I say presumably, because once again I wimped out and went home to get some sleep, lingering only long enough to grab the rest of the centerpieces (one went home with Laura Lee Bahr, the other, with two big shiny silver ornament balls on top, was hastily dubbed a trophy for Maxwell Bauman). I’ve since disassembled them and saved the decorative bits with my craft stuff because I may have a slight hoarding problem.
A few hours of sleep later – well, *I* slept; others who are younger and fitter and livelier may not have done – and it was Sunday. The last day already, too soon, much too soon!
The breakfast buffet was back in the smaller Barley Room like usual, but as is also usual for Sunday morning, the turnout was much smaller. Those late nights taking their toll; some attendees wouldn’t reappear until well past noon. Ah well, more biscuits and gravy for the rest of us! If the bacon is a big draw, the biscuits and gravy are a close second.
Much of the day was occupied by goodbyes and farewells as people with various travel arrangements had to head out. Doug, driving back north, was among them and left just after breakfast. The two scheduled panels for the day flowed naturally into each other – Expanding the Bizarro Audience, and Forming Bonds on the Fringe. How do we find our fellow weirdos out there in the wider ordinary world? How do we encourage and be fearless about flying our own weirdo flags? As I mentioned to my mother some days later over the phone, I’ve always been this way, but kept a lot of it stifled and muffled for so long, and it’s been such a glorious liberation being with others who fully understand, embrace, and appreciate all that wacky shit.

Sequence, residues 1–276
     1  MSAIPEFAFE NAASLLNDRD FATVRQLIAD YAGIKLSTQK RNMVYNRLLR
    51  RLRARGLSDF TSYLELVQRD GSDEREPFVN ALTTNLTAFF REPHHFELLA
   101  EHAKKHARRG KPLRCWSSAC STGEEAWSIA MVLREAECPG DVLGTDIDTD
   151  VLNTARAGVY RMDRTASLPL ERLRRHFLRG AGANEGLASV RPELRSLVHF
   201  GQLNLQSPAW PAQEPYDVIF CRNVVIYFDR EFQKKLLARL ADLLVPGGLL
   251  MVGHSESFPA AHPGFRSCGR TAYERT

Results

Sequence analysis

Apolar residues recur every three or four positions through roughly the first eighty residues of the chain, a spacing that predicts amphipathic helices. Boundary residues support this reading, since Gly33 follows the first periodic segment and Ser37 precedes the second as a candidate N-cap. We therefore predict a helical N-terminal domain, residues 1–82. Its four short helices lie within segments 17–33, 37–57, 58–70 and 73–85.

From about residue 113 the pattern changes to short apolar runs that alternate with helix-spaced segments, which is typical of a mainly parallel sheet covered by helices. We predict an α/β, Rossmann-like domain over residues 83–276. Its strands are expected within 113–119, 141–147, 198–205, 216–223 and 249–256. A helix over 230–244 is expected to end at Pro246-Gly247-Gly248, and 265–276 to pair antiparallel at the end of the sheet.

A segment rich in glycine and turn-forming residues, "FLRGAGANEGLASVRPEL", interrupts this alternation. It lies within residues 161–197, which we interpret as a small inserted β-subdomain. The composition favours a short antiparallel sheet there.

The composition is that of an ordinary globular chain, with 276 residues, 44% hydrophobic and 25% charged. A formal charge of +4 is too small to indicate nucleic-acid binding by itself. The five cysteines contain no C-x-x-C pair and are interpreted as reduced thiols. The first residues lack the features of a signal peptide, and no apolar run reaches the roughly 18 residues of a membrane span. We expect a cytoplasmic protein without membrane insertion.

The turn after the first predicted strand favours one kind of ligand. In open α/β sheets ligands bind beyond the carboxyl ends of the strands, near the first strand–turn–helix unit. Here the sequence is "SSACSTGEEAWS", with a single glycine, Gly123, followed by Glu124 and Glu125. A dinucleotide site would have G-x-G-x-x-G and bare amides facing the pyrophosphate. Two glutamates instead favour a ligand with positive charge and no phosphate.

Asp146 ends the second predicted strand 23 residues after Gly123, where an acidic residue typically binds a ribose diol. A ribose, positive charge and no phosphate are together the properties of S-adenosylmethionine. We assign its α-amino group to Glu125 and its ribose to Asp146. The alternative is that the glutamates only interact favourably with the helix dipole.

The final few hours before Closing Ceremonies were occupied with the film festival, hosted by John Skipp and capably run by tech wizard Lori Bowen. Skipp spends all year assembling a lineup of the craziest most brain-bending stuff he can find, then gleefully shares it with the rest of us.
A few of the selections featured familiar faces; Laura Lee Bahr as a put-upon housewife who’s finally had enough in “The Eagles Are a Country Music Band,” and Michael Allen Rose and Sauda Namir appearing in a wickedly witty commentary on social interactions called “Spoons.”
There was musical mutilation and medical evisceration, photography and fame, bleeding for art, a summer-camp slasher classic … even the commercials … I loved the commercials … that so-very-80’s pizza-pigskins whatever it was? and the shrimp-fest? Show of hands, who’ll all flinch from now on whenever they see a Red Lobster ad?